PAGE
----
We write in response to the recent faculty meeting motion/vote and Amherst Student article about athletics at Amherst College.
Since we joined the Amherst College faculty in 2014 and 2018, respectively, we’ve had the great fortune of working with numerous colleagues who care deeply about teaching and mentoring an exceptionally diverse student body – both in and out of the classroom. It’s the reason we came to Amherst. We love that the college concerns itself with the whole person. Here, students are not automatons who attend class, write papers, take exams, and repeat. They are scholars, but they are also musicians, activists, artists, and yes — athletes. This is at the core of who we are as a college, the bedrock of the liberal arts.
Our student-athletes deserve to be at Amherst. All of our students deserve to be at Amherst. Period. No Supreme Court decision or faculty meeting debate can change that. You did not get here by mistake. You did not get here for one reason or resume line alone. You got here because you’re you — with all of your talents, dreams, life experiences, and flaws. So, if you’re a student who’s wondering if you belong in this community, you do.
Our colleagues in Athletics — coaches, training staff, and administrators — are dedicated to the mission of the college, which includes fostering a more diverse, inclusive, and welcoming community. They enact this commitment while performing incredibly difficult and dynamic jobs. Ultimately, faculty and coaches have the same fundamental goal: to teach and mentor our students so they can grow into their best selves. We may use different techniques in different settings, but the desired result is the same. We want what is best for our students as scholars, as athletes and, most importantly, as people.
In 2016, the Diver II report was published, telling Athletics in no uncertain terms that they had to do better in terms of diversifying their rosters and raising the academic bar for recruits. Our partners in Athletics responded in force because they care about the mission of the college. They have built an athletics program of which we are proud — one that epitomizes what it means to be a student-athlete, one that is competitive nationally, and one that has met the challenge that was set down.
Despite being limited by comparatively small recruiting budgets and rigid NESCAC recruiting guidelines, our coaches have created the most racially diverse teams that meet the highest academic standards in the NESCAC — by far. This achievement did not come easy, as a deeply rooted system of inequality frames sports in the United States. “Pay to play” is real — it structures the pipeline into athletics, privileging wealth and whiteness, just as it structures the pipeline into music, theater, private schooling, SAT prep, etc. Athletics is up against a structural behemoth. We all are. What makes it more complicated is that we’re all part of this system. As we see it, we have a choice. We can ignore our complicity in the system, pretending that we can selectively disengage from it, or we can use our position of privilege and lead within it. We support the latter.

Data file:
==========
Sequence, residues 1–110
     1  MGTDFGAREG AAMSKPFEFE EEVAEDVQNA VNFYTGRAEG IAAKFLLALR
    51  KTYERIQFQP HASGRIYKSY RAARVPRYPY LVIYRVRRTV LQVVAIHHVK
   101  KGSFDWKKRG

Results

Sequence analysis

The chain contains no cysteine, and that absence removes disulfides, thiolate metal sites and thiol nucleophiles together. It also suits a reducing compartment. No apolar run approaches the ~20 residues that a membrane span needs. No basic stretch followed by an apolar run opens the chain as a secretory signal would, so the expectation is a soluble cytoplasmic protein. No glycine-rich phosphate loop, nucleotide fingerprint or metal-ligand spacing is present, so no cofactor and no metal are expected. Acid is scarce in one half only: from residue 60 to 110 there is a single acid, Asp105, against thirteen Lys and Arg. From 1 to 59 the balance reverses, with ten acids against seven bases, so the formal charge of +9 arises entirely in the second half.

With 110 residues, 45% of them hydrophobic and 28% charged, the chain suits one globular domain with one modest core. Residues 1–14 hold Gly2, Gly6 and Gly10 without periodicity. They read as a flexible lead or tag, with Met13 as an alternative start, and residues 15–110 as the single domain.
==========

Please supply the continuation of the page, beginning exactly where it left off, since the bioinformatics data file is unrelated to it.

There is great work underway in Athletics to push back on the system. If you want to be inspired, reach out to soccer coaches Jen Hughes or Justin Serpone and ask them about their relationship with the Dream Foundation. Talk to squash coach Busani Xaba about his longtime leadership within the Urban City Squash program and the Squash Education Alliance, or lacrosse coaches Sean Woods and Brooke O’Brien about their deepening relationship with the Springfield Ballers and Harlem Lacrosse. These organizations exist to support low-income youth with high academic and athletic aspirations.
There’s more. As we write, Athletics is working with the Center for Community Engagement to strengthen Athletics’ ties to the local community. Youth in Amherst public schools already look up to our athletes. The men’s hockey team, for example, has a strong and sustained relationship with the Boys and Girls Club in Amherst, spending time with them weekly. We encourage you to go to a women’s soccer game and watch the young girls cheering on the sidelines, aspiring to someday be like the powerful, skilled women on the field. Sports inspire. At their best, they also unite. If you attended the NCAA National Women’s Ice Hockey Championships that Amherst hosted last spring, you saw the power that sports has to bring our college and local community together. It was incredible. Sports resonate outside of elite spaces in important and unique ways. Athletics is contributing to a stronger and more equitable Amherst.
There is more work to be done. Our partners in Athletics know it, they are doing it, and, from what we can tell, they are doing it better than any other athletics department in the country. We are proud to be on their team.
Leah Schmalzbauer is the Karen and Brian Conway ’80, P’18 Presidential Teaching Professor of American Studies and Sociology, Faculty Athletics Representative, and Chair of American Studies. Christopher Durr is an Assistant Professor of Chemistry and the Faculty Liaison to Men’s Soccer.